Production No. 382
First, the title. I have a theory that people are put off by titles containing unfamiliar, unpronounceable-looking words. Don’t be – it’s loo-na-sar. Simple! (Lugh is the Irish pagan god of the harvest and his festival was celebrated during the month of August).
Second, the setting. The play is set in County Donegal 1936, in an imaginary village called Ballybeg (where Brian Friel locates several of his plays). I will not, however, be looking for accurate Donegal accents at the audition. More important is a feel for the rhythms, the inflections and the musicality of the text. I am confident that in rehearsal the ensemble nature of the play, together with the guidance of a co-opted voice coach, will enable us to reach an acceptable level of authenticity.
Next, the dancing. Although dance is a central metaphor in the play, there are two kinds of dancing that we see: the “strictly ballroom” of the thirties in which Gerry and Agnes are seen to be proficient, and the uninhibited, improvised outburst of the five sisters (which requires no previous dance experience!). We have a choreographer, Chris Dugrenier, who will help us to achieve both.
Now the characters: there are five women and three men in his play, all beautifully written and characterised. A young boy Michael is present but invisible to the audience; his words are spoken by the adult Michael (unlike the film version)
I am looking forward to the challenge of directing this complex, moving and beautiful play.
Distinctive amateur drama
in Northampton since 1932
Registered Charity No. 294848
Dancing at Lughnasa
by Brian Friel
Kate Billingham, Emily Bale, Bernadette Wood and Liz Clarke. Photo by Jayne West.
Tue 25 - Sat 29 October 2011 at 7.30pm
The Church of the Holy Sepulchre, Sheep Street, Northampton
Cast & Crew
Michael Richard Oliver
Christina Bernadette Wood
Maggie Kate Billingham
Agnes Liz Clarke
Rose Emily Bale
Kate Patricia Coleman
Gerry Sion Grace
Jack Martin Williams
Director Ursula Wright
Set Design Jude Lynn
Assisted by Jenny Allan
Costumes Wendy Dunkley, Dorothy Granger
Choreography Chris Dugrenier
Stage Manager Tim Bell
Deputy Stage Manager Rosie Chapman
Lighting Desk Richard Walker
Sound Desk Jennifer Saunders
Dialect Coach Marina Brookes
Knitting Advisor Greta Hendy
Photography Jayne West
Programme Design Martin Borley-Cox
Front of House Masque Theatre members
Special thanks to Northgate School Arts College, The Kerry School of Irish Dance, A Most Marvellous Place to Shop, Welland Valley Feeds, Mark Mortimer, Rob Kendall, Peter Borley-Cox, Joan Bell, Tamsyn Payne, Cosette Oliver, Joyce & Barry Munroe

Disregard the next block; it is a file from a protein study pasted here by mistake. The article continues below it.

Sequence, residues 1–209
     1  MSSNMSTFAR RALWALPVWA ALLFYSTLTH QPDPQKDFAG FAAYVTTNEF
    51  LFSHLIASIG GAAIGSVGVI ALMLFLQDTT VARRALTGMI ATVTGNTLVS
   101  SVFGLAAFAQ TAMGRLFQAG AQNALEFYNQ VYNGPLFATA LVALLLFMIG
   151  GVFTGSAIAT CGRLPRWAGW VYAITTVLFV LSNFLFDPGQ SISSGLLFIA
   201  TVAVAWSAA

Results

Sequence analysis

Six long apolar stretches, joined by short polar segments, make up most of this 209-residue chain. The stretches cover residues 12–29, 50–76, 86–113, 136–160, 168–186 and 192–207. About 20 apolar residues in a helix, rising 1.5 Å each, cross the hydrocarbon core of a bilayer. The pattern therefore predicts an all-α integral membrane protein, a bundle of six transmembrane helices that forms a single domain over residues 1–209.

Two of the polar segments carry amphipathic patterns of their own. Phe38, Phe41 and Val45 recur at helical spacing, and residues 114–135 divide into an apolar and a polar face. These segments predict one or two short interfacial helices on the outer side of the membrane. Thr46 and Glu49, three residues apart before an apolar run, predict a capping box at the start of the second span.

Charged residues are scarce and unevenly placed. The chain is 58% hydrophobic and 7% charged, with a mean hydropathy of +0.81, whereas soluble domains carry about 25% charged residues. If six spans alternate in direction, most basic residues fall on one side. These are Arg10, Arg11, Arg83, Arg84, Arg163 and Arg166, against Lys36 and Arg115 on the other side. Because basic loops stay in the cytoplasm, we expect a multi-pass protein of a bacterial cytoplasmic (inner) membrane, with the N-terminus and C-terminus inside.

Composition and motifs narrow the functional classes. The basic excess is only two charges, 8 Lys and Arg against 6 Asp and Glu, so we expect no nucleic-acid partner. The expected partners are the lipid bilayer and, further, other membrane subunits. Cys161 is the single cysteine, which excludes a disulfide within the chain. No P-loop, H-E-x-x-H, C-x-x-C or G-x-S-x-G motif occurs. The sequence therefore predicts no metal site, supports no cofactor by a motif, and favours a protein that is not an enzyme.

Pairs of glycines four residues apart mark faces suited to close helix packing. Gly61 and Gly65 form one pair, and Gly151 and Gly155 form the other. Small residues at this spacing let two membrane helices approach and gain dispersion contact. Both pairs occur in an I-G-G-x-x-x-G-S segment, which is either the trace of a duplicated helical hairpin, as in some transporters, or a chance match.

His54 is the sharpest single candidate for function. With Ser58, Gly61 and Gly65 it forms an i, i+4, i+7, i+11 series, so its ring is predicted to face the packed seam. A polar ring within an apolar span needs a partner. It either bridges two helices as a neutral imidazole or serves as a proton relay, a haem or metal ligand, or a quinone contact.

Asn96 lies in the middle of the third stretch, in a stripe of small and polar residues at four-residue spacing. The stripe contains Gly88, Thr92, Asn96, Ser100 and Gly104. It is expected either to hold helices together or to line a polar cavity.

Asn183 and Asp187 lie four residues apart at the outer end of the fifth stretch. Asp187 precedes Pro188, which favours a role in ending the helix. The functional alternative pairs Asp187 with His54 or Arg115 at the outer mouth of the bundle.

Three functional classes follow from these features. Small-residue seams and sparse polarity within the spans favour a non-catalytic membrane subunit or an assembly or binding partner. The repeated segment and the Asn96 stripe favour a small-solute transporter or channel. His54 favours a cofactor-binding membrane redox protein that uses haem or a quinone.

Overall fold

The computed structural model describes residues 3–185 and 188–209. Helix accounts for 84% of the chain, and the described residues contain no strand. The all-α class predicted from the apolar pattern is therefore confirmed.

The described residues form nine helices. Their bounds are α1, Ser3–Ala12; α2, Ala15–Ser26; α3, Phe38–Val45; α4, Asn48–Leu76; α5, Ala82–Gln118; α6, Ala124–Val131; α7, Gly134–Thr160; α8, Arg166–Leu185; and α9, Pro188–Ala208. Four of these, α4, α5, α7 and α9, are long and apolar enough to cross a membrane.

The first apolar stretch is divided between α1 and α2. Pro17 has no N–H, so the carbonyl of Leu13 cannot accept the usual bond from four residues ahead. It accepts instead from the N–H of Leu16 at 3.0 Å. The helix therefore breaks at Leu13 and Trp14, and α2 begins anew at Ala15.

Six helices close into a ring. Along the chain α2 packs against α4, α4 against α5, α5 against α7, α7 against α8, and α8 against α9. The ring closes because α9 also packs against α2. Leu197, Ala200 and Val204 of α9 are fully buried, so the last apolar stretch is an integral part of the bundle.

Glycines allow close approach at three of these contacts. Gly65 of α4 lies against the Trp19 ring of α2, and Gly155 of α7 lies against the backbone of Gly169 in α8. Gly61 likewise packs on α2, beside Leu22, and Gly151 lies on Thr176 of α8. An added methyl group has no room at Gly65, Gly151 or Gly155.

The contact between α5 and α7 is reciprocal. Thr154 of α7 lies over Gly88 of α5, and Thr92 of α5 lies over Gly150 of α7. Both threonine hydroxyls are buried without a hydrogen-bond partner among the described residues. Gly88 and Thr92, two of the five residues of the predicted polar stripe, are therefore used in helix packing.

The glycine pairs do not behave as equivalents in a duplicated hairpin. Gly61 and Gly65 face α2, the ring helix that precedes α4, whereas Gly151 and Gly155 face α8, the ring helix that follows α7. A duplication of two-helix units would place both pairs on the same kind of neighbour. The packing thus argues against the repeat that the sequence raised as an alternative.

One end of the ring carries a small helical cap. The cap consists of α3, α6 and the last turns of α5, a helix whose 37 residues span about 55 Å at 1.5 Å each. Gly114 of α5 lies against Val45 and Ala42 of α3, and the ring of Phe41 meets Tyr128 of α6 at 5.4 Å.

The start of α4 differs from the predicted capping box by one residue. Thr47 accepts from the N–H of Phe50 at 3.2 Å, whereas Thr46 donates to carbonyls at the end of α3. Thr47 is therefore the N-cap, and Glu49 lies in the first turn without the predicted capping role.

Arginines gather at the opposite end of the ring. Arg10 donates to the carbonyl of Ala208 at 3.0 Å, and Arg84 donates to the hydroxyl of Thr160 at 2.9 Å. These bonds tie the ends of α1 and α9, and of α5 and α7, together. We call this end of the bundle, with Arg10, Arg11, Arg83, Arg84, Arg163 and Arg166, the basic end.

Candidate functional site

by Ian Spiby
There is a saying about Masque theatre productions that if it is good, the actors get the credit and if it is not so good the director gets the blame!
I want to make it quite clear from the start that this production was good – no - it was splendid. And while I want to give due credit to the actors, I am going to concentrate on other aspects of the production, particularly the direction.
So - actors first. I had seen all of them before except two and (apart from those two obviously) they came up with performances which were better than I’ve seen them do before. I particularly liked watching them when they were not speaking – seeing them living through their parts before us. Even the two I didn’t know appeared to be giving performances which drew them out.
So why should this be, when in other plays they’ve not been as good as this? The answer is the director, Ursula Wright. She is the one who coaxed them, informed them, stretched them to give the best performances they could.
But what of the other aspects of the production? Why were THEY so good? Talking to Tim Bell, the splendidly efficient stage manager who I’ve had the great good fortune to work with, he paid tribute to Ursula – how her attention to detail, her ability to have her eyes everywhere helped him achieve the highest standard possible. Every prop and piece of furniture was just right and there when and where it was needed. The costumes (Wendy Dunkley and Dorothy Granger) looked just right and each one fitted perfectly the character and circumstances. No modern trainers with a silver buckle plonked on top in THIS production! Sound and light too, (Jennifer Saunders and Richard Walker) were pitched perfectly to suit the atmosphere and mood of each scene.
Even that most unsung of unsung heroes, the prompter (Rosie Chapman) did her job brilliantly. On the night I saw the play, one actor hesitated slightly and lost focus. Immediately a low murmur came from the prompter’s corner and the actor continued. The audience forgot the incident in 5 seconds. Perfect!
So what else did Ursula do? She managed the delicate, atmospheric shifts and nuances of this most delicate and mood-shifting play. She was in tune with what Brian Friel wants to tell us and together with her splendid team, achieved a performance that makes me proud to be a Masque member.
Page last updated: 31/10/2011 Masque Theatre © 2011